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Arey a Bhuvan!
“Daudo! Bhago! Ball ko maro.Arey a Bhuvan!” The words erupted around the theatre as I strained to hear the movie dialogue. Yes, I know I didn’t understand Hindi without English subtitles, but I never thought it was acceptable to be so rowdy in a theatre. I didn’t take my 25 rupee ticket for granted. The screaming continued till the end of the movie. Why did all these men take it so seriously? It was only a cricket game in a Bollywood movie. It wasn’t real.
“Amma, only 25 rupees for a ticket?” I exclaimed to my mother. “But, that’s not even a dollar! Twenty-five rupees would mean around fifty cents. So cool!”
It was unbelievably “cool”. Back in a land I call home (America) I had to pay eight dollars to watch a movie and to watch a Bollywood movie in a special theatre in Hicksville, about twelve dollars
“No subtitles! Do they not care about foreigners?”
“ Canna, paravalai, nan una help panarain,” my aunt comforted me in Tamil, assuring me she would translate the plot while we watched.
I remember the shock and disappointment my sister and I went through upon learning this news. So, knowing to read English and understanding the South Indian language of Tamil did not provide any aid to us in an Indian movie theatre, while as children we needed it the most.
“Lagaan” means tax. With a new word to add to my Hindi vocabulary I went with my aunt, mother and sister into this Bombay movie theatre. The movie took us back to a time when the British had colonized India and were far from amiable with the natives. Quite the serious tagline for a Bollywood film. The romances were heartfelt and real. I didn’t see fashions that were out of this world. It was normal Bollywood: an oxymoron. It was my first Bollywood movie viewing on the big screen and I had difficulty containing my excitement.
All peace left the theatre when the cricket game began. Indians versus the British. I will never forget the tremendous sound that surrounded me as all the males rooted on their fellow Indians. I sat there like a deer in headlights, squished tightly between my aunt and my mom. Even if I wanted to hear the movie rather than the men, my childish thrill of that moment could not be contained. So, I cannot deny my complete delight in having experienced this boisterous affair.
The music from Lagaan followed me back to my grandma’s house in Bombay. Bollywood music tends to have a very appealing effect upon listeners. It’s hard to not buy the music. So, I did, well, it took some hard work convincing my orthodox grandfather to buy me the cassette.
“ Thatha, it is not that expensive. It can be a gift for the last five birthdays, which are lacking in gifts from you,” I teased him. He protested, but gave in to my adamant charm.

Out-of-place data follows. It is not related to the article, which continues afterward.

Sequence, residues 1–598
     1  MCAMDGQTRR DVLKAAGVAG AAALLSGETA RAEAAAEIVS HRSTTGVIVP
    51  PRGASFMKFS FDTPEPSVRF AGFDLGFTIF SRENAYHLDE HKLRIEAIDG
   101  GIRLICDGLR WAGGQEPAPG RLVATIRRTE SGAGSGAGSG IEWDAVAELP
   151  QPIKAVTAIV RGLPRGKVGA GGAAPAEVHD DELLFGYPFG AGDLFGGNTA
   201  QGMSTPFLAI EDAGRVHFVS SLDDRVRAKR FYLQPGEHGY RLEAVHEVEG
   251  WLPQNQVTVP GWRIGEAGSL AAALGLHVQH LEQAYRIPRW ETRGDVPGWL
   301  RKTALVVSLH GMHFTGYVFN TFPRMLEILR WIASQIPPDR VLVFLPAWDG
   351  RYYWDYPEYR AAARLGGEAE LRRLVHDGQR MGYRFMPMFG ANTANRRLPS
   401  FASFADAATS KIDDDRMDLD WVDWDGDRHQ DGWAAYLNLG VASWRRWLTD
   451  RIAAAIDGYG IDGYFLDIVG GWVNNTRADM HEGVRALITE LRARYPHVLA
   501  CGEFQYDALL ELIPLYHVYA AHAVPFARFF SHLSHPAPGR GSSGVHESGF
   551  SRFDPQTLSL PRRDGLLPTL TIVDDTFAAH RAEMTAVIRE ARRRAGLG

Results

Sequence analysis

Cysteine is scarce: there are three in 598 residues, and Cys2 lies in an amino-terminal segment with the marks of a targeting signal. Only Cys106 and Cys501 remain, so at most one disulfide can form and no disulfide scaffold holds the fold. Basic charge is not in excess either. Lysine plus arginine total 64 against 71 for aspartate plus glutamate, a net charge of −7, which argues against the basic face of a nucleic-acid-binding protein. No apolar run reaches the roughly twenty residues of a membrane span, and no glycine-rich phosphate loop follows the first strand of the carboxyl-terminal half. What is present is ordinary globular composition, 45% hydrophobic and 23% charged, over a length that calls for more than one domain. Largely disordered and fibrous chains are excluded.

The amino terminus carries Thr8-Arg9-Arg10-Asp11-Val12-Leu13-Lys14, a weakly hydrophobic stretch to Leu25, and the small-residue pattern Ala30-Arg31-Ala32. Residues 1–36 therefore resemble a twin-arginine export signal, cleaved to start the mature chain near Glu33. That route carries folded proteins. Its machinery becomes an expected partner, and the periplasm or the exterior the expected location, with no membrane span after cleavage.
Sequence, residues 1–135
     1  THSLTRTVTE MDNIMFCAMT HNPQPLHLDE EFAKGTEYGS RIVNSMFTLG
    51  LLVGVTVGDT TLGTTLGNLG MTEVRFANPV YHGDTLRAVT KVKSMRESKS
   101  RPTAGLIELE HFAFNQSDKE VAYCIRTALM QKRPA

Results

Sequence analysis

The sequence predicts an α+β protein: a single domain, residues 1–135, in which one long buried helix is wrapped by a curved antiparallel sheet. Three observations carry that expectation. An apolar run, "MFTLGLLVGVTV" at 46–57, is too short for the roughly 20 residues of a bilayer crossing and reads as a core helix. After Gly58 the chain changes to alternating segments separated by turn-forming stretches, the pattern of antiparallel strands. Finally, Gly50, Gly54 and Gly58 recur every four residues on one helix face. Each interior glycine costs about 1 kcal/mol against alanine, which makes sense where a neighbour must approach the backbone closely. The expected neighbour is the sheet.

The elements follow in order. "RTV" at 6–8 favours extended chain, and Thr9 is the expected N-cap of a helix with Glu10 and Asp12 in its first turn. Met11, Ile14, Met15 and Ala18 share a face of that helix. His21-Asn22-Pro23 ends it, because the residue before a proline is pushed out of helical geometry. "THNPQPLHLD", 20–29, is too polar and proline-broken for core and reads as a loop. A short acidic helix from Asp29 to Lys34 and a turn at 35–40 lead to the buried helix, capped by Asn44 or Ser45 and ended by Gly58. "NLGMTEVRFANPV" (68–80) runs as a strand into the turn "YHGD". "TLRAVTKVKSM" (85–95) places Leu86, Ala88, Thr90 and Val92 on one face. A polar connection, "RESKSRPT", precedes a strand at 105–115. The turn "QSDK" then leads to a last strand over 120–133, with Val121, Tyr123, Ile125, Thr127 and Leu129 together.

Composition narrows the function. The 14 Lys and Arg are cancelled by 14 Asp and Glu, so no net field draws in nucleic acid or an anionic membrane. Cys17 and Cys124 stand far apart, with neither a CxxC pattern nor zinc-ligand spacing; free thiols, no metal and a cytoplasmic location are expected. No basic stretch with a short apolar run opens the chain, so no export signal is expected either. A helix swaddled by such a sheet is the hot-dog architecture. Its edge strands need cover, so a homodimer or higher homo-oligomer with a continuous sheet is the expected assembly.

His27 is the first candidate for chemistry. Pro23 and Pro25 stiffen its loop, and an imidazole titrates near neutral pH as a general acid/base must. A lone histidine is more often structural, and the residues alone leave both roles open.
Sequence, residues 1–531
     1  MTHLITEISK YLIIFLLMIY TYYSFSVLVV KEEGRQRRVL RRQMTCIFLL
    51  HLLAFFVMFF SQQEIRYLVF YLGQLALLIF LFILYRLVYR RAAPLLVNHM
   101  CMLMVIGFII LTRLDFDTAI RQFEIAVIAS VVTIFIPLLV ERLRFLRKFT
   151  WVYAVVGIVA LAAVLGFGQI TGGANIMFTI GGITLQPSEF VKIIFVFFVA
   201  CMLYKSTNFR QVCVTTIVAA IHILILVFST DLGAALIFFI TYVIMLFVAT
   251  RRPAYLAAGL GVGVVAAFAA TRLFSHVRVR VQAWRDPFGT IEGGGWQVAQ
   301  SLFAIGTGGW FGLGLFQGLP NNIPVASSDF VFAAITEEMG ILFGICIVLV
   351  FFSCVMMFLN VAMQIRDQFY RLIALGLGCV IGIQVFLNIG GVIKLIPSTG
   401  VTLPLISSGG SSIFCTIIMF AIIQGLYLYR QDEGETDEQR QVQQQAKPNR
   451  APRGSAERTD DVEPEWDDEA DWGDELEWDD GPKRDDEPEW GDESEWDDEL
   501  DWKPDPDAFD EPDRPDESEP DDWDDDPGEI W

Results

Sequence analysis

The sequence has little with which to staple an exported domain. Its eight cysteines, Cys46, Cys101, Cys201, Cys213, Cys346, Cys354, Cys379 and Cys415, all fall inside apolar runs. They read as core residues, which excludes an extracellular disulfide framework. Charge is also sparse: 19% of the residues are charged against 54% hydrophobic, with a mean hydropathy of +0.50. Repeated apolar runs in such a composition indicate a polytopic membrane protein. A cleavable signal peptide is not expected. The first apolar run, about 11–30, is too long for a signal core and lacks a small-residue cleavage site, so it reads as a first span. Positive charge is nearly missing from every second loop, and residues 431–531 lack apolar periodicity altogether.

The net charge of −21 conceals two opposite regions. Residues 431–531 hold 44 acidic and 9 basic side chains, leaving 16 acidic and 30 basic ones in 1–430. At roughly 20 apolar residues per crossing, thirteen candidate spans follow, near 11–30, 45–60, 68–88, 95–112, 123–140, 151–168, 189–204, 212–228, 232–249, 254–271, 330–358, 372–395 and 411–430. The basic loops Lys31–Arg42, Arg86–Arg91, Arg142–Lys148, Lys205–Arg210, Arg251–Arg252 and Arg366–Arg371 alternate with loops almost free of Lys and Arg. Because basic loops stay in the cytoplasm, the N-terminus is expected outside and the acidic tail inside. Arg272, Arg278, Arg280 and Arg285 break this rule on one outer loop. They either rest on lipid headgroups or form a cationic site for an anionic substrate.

The recollection of me dancing to the music in the little den in the Bombay apartment is still very vivid in the minds of my relatives, my mother and me. I was learning ballet around this time and felt quite embarrassed to dance and let out my energy in front of my Indian relatives. In my mind it didn’t seem appropriate. I closed all the doors to the den and tried to cover the windows making sure nobody peeped through the crack in the door. The music began and I started gliding and performing my arabesques and pirouettes.
Suddenly a giggle came loose and I could see two pairs of eyes through a door crack as well as in the window.
“Hey! Leave me alone, you can’t see!”
I yelled at them and pouted until I knew they left. Again I proceeded to dance but this time the dance went from traditional ballet to Indian ballet (Bharathnatyam). Takadimi takitatakadimi.. I removed my shawl draped over my head like the girl in the movie and swayed to the drum beats.
“ Orey chori, maarbhi le baaet mori…”
“It is you I have loved”.
I acted the part, not paying attention to the fact that my cousins, aunt and grandma started peeping again.
As a young adult, I look back at my eleven-year-old self on this day with more knowledge and thought. I realize how important Independent India is to Indians. So, maybe the men in the movie theatre needed to cheer on the fictional Indian team for their own sanity. Yelling “Arey a Bhuvan” must give them an adrenaline rush and a sense of pride, which I truly admire. Bringing my culturally clashed self to India, I learn more about my heritage, feel pride in my ethnicity, and experience my pride in a very poor country that is still very young in its independence with a long journey ahead.
Tonight I sit with my mother as she recalls a conversation she had with my Bombay Patti (grandma); “Nunna Aadara,” she dances well, says my grandma. Who would have thought that my western ballet could be appreciated in my orthodox Indian household? I certainly didn’t.